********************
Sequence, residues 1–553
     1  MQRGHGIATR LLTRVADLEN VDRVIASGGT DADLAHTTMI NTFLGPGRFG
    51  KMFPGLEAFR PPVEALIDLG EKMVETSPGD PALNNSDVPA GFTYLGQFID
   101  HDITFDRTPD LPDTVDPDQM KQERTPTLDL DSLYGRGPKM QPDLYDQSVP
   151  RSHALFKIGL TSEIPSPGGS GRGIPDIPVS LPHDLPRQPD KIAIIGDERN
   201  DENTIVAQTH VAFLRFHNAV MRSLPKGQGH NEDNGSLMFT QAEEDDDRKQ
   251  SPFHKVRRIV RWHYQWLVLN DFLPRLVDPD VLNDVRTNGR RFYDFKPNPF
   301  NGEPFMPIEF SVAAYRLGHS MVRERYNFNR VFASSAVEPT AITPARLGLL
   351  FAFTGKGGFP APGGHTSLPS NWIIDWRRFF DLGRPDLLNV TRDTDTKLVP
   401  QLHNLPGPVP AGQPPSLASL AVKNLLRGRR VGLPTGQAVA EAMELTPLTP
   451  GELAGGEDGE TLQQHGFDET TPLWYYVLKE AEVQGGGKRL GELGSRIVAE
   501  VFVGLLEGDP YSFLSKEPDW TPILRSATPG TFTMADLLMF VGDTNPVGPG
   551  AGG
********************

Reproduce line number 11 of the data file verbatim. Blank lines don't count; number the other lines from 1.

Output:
   451  GELAGGEDGE TLQQHGFDET TPLWYYVLKE AEVQGGGKRL GELGSRIVAE